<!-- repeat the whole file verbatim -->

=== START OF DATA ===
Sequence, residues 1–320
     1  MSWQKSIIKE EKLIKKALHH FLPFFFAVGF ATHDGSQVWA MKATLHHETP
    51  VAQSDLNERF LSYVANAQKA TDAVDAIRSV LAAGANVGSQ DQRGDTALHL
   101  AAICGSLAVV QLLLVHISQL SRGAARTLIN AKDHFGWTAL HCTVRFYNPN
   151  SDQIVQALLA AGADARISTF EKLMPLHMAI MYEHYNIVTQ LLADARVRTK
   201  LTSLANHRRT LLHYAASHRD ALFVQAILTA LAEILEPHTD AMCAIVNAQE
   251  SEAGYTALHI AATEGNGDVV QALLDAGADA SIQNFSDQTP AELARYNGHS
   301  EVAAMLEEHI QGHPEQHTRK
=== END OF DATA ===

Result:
Sequence, residues 1–320
     1  MSWQKSIIKE EKLIKKALHH FLPFFFAVGF ATHDGSQVWA MKATLHHETP
    51  VAQSDLNERF LSYVANAQKA TDAVDAIRSV LAAGANVGSQ DQRGDTALHL
   101  AAICGSLAVV QLLLVHISQL SRGAARTLIN AKDHFGWTAL HCTVRFYNPN
   151  SDQIVQALLA AGADARISTF EKLMPLHMAI MYEHYNIVTQ LLADARVRTK
   201  LTSLANHRRT LLHYAASHRD ALFVQAILTA LAEILEPHTD AMCAIVNAQE
   251  SEAGYTALHI AATEGNGDVV QALLDAGADA SIQNFSDQTP AELARYNGHS
   301  EVAAMLEEHI QGHPEQHTRK